So we fiddled with the two red knobs on the front of the instrument (the labels had long ago worn off and no owners manual could be found on the boat or online) and we could occasionally get some kind of reading.
Well it didn’t take long to realize that this just wasn’t going to cut it when we started trying to find a good place to drop anchor.
I put in a call to Signet Marine to see what they could tell me about our depth gage.
Good News and Bad News
I knew I was in trouble when the customer service rep, Aaron asked me if it had two red knobs on the front, then mumbled about never having actually seen that model. Sure enough, the only documentation he could find was the wiring schematic of the instrument. No user manuals, no technical manuals, nothing.
He did offer me a free inspection of the instrument if I sent it in to the factory in Southern California. Well, since it wasn’t really doing me any good where it was, I figured it was worth a shot.
Let me take a moment to share with you a little nugget that a friend of mine shared with me. He introduced me to the phrase, “boat yoga”. You see, it seems that just about any time something on a boat can be put together in such a way that it is almost impossible to ever get to again, then that is exactly how it will be put in.
Back to our story. Aaron was nice enough to let me know that I could get the guts out of the instrument by simply removing the three small screws that are positioned around the outside of the back of the case. This would allow me to leave the case in the fiberglass wall so that I didn’t have to figure out how to keep the rain water on the outside of the boat.
Sounds easy enough, right?
Well, the instruments are housed in a wooden box that gives about 3/4 of an inch clearance top and bottom. No problem for the first two screws as they are at the 10 oclock and 2 o’clock positions. But, the third screw is at the 6 o’clock position. With less than an inch clearance between it and the box that it is in. Ugh.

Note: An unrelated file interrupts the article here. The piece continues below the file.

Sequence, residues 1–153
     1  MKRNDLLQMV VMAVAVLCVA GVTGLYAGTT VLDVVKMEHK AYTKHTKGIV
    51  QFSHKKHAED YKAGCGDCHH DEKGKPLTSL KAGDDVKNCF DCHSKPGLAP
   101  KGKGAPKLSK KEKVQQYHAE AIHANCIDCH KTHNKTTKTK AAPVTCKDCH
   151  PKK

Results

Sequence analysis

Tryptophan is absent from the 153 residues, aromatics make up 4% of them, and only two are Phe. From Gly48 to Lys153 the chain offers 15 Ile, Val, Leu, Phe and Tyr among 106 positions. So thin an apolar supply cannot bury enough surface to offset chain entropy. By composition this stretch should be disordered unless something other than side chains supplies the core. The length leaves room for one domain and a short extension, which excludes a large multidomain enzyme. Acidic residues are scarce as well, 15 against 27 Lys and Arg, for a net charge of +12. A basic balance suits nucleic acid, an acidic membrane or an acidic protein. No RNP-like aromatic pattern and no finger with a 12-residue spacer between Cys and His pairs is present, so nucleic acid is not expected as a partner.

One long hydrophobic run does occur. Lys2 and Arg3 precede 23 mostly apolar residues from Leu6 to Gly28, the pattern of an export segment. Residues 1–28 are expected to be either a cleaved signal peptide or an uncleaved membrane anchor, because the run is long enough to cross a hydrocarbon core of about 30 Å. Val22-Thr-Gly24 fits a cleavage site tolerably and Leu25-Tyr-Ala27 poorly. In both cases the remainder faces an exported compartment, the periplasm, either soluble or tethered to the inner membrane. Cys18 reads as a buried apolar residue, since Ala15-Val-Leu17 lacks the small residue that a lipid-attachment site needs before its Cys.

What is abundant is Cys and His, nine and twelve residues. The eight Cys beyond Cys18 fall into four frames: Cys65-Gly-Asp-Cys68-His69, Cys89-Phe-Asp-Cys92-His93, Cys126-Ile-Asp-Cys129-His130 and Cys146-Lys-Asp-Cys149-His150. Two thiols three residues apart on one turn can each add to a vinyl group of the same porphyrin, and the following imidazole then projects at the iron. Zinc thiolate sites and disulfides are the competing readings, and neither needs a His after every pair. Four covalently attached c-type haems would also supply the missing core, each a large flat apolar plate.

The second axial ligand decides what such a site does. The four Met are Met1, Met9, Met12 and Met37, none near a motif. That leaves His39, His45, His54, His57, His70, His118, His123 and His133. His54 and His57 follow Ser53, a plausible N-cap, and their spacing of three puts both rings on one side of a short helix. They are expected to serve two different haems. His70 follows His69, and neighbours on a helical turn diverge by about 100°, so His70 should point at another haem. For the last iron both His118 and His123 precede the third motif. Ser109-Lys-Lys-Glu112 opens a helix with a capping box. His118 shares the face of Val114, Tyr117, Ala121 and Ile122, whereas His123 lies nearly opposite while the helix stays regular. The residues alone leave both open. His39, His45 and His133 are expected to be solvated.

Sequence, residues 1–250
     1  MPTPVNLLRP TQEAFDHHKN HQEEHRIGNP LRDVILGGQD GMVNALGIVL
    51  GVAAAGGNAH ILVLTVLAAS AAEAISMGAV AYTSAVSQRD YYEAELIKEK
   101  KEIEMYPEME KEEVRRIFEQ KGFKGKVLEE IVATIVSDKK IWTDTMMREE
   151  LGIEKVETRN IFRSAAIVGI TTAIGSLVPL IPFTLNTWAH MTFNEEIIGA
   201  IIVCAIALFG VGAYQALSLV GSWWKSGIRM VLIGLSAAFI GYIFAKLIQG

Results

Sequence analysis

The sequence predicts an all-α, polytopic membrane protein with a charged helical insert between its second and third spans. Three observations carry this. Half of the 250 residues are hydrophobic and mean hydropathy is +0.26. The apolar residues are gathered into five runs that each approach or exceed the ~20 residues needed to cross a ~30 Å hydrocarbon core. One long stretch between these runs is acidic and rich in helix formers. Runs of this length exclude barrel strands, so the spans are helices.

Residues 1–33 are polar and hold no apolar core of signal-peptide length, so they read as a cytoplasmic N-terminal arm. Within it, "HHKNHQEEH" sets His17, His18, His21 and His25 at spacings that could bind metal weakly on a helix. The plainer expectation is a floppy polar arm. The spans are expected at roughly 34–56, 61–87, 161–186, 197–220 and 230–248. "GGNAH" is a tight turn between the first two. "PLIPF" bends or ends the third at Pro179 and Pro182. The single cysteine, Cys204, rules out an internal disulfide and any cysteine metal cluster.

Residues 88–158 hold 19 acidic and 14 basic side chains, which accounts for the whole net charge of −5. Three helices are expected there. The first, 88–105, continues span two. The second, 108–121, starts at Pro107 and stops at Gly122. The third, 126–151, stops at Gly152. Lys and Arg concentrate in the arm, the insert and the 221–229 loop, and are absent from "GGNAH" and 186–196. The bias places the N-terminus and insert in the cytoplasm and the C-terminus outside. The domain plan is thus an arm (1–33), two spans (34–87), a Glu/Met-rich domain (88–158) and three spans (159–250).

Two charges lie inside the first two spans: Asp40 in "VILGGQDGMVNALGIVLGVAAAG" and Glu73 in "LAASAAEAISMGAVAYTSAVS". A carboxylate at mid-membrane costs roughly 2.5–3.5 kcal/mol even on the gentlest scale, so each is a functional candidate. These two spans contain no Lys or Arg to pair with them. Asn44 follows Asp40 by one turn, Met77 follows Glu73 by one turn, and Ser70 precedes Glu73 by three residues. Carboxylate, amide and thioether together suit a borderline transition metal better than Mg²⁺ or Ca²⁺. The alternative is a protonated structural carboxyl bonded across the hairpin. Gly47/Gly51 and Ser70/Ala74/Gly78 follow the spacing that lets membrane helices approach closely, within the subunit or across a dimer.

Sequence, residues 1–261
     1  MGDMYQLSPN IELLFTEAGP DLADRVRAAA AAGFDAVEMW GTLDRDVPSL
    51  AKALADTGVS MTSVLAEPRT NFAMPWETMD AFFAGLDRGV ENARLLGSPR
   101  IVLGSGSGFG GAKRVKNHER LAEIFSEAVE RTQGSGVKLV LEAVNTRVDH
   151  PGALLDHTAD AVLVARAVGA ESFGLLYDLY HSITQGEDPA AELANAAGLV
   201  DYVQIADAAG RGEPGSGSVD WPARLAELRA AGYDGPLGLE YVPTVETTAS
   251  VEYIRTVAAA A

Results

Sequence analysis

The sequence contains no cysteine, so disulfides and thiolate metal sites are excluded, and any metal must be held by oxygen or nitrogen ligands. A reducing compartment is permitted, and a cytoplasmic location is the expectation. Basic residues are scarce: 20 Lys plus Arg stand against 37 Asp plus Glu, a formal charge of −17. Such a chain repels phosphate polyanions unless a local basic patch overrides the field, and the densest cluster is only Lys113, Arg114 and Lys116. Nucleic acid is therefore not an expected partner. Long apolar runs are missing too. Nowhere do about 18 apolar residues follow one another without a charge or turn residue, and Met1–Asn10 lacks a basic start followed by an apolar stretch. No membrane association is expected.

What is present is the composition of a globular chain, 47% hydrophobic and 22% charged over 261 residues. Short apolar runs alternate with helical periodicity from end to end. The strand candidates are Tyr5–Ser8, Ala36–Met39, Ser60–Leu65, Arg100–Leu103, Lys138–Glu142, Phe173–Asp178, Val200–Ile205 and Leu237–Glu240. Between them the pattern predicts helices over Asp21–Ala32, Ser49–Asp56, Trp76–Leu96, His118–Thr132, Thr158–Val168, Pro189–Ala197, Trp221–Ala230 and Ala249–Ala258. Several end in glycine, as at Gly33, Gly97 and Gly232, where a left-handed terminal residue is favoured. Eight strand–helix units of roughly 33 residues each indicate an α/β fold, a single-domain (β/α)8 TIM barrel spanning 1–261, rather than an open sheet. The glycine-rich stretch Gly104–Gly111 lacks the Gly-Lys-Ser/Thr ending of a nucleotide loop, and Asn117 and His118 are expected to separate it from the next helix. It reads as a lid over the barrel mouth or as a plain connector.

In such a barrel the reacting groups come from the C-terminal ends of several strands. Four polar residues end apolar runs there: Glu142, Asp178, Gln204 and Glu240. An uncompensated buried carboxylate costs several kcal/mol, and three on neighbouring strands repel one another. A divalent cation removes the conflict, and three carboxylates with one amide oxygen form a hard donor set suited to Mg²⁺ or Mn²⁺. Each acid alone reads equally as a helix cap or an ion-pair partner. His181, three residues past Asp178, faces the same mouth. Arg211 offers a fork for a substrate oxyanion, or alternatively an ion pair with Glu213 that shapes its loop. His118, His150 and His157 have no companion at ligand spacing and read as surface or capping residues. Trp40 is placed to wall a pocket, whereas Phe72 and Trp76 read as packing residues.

But wait! I remember reading about a similar incident aboard our friend’s boat Del Viento. The answer to the problem was an offset screwdriver! Off we go to the local Lowe’s to get just such an item.
But no! The offset screwdriver is too long to fit between the box and the screw.
Okay, now what? Well, I finally realized that a hose clamp is thin enough to fit into the screw head and small enough to fit between the screw and the box. So, with a hose clamp straightened out I was finally able to loosen the screw enough to grab it with needle-nosed pliers and work it out of the case while crouched down low enough to actually see what I was doing. Boat Yoga!
Off goes the instrument to the factory. About a week later Aaron calls back. Good news and bad. Good news is that the instrument is working perfectly. Bad news is that it means the transducer is going bad.
So, we have a 36 year old instrument that relies on tubes that works, and a solid-state transducer that isn’t. Wonderful. More bad news: the transducer is a 180mhz model that hasn’t been made in decades and cannot be found.
Okay, well I can see that Shannon is now in the market for a new depth gage. So the hunt begins. It is then that I find out all of the possible options and decisions that must be made.
The cheap part of me says that I should just get the least expensive replacement that will tell me how deep the water is below the keel. That is what was in there and that is all that I really need.
The gadget-lover in me says that this is the perfect opportunity to upgrade! Get a fishfinder that has a GPS in it and that can display color charts also! After all, that would be a lot safer than relying on just paper charts alone. Not to mention that it would give another speed display (through the GPS) as a backup to the 36 year old speed indicator that sits next to the now empty case of the old depth gage.
So, the internal debate rages on for now. I strongly suspect that the gadget-geek is going to win this one It really would be nice to have electronic charts available in the cockpit and for less than the cost of a new depth gage from Signet Marine, I could have depth, GPS, moving maps and more.
Stay tuned for more on this story…
Come on Mike, just go with the rope and lead weight. Your sextant will enjoy the company. 🙂
As an added bonus Kelly could practice yelling “Mark Twain”!!!!!!!
Yeah, but the ground comes up so fast around hear by the time you finish yelling “Mark Twain” you’ve run aground. 🙁
But just think of the photo opportunity with her balanced on the bow throwing the line to check the depth. 🙂